A fifth of
HIV-positive adults in the United States regularly experience symptoms of
anxiety, according to research published in AIDS.
Individuals with symptoms of generalised anxiety disorder (GAD) had poor
engagement with the HIV care continuum, and also had high rates of poverty,
homelessness and drug use. There was also evidence of an elevated prevalence of
risky sexual behaviour.

“We estimate that
nearly 1 in 5 people with HIV in the United States experienced recent
symptoms consistent with a diagnosis of GAD,” comment the researchers. “The
significance of the excess burden of anxiety among PWH is compounded by our
finding that GAD symptoms are related to suboptimal HIV care and outcomes in
this population, which few studies have examined.”

Anxiety disorders
are the most common mental health illness in the United States and can cause
significant physical, psychological and social problems. GAD is characterised
by persistent and excessive worry that is difficult to control. As little is known
about the prevalence and associations of GAD among adults with HIV in the
United States, investigators analysed data from the Medical Monitoring Project. This survey carefully sampled 3654 adults who are representative of all people diagnosed with HIV in the United States. 

The prevalence of GAD
was calculated using a validated questionnaire. A trained interviewer asked
participants the following questions: “Over the past two weeks, how often have
you been bothered by any of the following problems?” for seven problems such as “feeling nervous, anxious, or on edge” and “not being able to stop or control worrying”.

The estimated
prevalence of GAD was 19%. In the general population of the US, prevalence is 2.7%.

Symptoms were more common among women than men,
among individuals without a college education, among those living in poverty, and in individuals with recent
experience of homelessness. “Our analysis
supports the findings of others on the relationship between GAD and social
determinants of health such as poverty and housing instability,” note the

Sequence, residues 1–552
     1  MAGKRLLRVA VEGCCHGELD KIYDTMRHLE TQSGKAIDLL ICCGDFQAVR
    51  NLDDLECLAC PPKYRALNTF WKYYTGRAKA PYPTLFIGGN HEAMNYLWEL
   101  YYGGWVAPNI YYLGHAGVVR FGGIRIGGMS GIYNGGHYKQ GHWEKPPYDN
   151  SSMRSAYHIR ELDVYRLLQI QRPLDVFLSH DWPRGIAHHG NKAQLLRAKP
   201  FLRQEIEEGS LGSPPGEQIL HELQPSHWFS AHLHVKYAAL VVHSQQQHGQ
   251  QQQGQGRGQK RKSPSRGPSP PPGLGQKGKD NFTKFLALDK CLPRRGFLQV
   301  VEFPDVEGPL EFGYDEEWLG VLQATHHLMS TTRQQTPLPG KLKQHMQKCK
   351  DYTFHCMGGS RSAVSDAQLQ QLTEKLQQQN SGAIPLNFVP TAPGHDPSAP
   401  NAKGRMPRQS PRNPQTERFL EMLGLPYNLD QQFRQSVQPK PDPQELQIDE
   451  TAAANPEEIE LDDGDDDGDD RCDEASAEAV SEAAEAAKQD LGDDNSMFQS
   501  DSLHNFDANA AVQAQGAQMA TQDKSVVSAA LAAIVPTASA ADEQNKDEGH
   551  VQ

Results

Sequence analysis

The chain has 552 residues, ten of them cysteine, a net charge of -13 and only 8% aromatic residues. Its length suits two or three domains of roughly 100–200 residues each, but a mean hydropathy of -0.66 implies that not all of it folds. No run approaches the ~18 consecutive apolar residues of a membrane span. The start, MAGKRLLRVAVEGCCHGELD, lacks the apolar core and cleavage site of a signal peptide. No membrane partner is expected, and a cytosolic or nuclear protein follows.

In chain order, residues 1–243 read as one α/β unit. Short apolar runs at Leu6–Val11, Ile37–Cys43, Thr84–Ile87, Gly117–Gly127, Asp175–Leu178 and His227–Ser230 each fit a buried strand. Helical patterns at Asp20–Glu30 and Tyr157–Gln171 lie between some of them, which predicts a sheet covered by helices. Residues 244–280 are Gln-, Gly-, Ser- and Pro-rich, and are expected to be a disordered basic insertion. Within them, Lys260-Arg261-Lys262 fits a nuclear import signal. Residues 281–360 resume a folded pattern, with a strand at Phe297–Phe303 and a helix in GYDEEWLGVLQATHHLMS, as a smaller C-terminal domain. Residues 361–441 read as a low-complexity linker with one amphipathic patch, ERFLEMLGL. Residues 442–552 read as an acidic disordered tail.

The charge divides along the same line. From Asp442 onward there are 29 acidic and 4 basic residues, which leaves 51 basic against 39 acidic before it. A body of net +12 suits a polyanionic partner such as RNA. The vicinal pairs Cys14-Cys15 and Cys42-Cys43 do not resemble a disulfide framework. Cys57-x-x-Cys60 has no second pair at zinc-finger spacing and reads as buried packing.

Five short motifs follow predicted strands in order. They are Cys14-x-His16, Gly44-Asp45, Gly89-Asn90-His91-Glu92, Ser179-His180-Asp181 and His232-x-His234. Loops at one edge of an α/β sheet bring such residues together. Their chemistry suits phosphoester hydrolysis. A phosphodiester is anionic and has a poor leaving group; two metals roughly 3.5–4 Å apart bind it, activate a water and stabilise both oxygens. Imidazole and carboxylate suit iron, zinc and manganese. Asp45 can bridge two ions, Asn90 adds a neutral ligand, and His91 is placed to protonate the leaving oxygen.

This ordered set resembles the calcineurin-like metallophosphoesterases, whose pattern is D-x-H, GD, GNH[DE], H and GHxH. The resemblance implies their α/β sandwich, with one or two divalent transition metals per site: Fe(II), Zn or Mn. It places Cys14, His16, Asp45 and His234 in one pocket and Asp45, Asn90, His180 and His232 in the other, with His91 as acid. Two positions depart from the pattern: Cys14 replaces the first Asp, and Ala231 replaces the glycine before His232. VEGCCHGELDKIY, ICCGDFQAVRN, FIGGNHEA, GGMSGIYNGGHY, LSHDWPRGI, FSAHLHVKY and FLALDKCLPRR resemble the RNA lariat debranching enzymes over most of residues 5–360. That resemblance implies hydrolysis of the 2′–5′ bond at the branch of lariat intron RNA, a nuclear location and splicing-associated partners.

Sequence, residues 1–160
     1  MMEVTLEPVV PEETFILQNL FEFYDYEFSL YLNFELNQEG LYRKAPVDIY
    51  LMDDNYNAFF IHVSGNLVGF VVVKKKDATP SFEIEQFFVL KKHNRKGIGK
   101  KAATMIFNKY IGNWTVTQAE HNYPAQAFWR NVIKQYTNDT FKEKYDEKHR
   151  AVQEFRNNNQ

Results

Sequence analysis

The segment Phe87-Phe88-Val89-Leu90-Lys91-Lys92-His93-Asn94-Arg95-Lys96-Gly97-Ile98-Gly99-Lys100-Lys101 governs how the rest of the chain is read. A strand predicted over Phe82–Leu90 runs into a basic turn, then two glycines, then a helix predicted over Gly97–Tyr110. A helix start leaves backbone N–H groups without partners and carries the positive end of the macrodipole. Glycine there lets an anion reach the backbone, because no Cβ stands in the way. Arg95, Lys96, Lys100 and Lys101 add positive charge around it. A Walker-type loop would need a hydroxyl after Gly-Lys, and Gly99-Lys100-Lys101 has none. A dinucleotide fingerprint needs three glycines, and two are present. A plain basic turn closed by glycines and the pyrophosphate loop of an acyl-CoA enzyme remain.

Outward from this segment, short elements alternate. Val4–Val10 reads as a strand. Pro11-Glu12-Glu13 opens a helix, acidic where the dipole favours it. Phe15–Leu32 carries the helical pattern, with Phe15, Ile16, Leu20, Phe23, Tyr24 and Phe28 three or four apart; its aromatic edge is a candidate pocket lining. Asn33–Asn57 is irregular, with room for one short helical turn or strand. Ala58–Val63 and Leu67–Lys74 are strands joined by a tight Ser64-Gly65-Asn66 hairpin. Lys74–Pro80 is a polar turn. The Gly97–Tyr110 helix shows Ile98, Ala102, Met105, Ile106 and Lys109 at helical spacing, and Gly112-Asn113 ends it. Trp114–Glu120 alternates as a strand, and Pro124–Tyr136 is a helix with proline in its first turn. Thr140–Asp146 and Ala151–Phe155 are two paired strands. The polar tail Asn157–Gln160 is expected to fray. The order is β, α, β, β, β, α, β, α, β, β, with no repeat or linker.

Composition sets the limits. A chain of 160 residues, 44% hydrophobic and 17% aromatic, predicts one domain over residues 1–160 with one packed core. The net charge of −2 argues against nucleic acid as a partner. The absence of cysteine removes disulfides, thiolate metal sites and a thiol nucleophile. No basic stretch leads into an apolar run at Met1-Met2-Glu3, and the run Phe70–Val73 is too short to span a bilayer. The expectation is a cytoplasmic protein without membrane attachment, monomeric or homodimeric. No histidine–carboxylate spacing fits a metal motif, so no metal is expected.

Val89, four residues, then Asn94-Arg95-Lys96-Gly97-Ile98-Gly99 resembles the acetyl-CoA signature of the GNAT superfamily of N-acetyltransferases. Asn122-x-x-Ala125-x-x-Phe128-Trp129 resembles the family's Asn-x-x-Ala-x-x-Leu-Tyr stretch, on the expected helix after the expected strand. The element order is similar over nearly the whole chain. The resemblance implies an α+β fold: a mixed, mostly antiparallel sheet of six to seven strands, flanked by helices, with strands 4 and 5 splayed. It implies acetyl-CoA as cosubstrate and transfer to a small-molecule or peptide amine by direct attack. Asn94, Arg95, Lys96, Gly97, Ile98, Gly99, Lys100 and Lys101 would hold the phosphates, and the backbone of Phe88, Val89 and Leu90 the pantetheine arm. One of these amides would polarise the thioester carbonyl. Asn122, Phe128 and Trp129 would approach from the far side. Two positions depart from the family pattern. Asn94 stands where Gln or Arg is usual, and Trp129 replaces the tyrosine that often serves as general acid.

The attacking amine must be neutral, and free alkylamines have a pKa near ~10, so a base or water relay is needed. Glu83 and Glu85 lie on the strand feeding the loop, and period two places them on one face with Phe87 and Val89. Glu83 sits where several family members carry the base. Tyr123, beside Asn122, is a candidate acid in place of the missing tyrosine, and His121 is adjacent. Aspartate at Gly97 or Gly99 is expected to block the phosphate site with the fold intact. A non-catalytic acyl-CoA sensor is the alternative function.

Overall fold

investigators.

Participants with
a disability had a four-times higher prevalence of GAD than individuals who did
not report a disability (33% vs. 8%). Prevalence of GAD among persons reporting
intimate partner violence or sexual violence was 41% and 43%, respectively,
twice the rate observed in participants who did not report such violence.
Individuals with GAD had higher HIV stigma scores (55%) compared to individuals
without GAD (33%).

GAD was associated
with poorer engagement in the HIV care continuum, including use of
antiretroviral therapy (82% vs. 87%), 100% adherence (51% vs. 62%) and viral suppression (56% vs 64%).

Depressive
symptoms were seven times more common in patients with GAD (75% vs. 11%), and
individuals with GAD were three-times more likely to be in need of mental
health services (23% vs. 7%).

Prevalence of
smoking and drug use was significantly higher among individuals with symptoms
of GAD. In addition, GAD symptoms were
associated with significantly higher prevalence of condomless sex while not
virally suppressed with a partner who was not known to be taking PrEP (9% vs.
6%).

“Improving access
to substance use treatment and HIV/STD risk reduction services could be
beneficial for persons experiencing anxiety symptoms,” suggest the authors.
“Collaborate care models – in which medical, mental health, and case management
staff partner to provide comprehensive care – have been found to me more
effective in improving anxiety in patients.”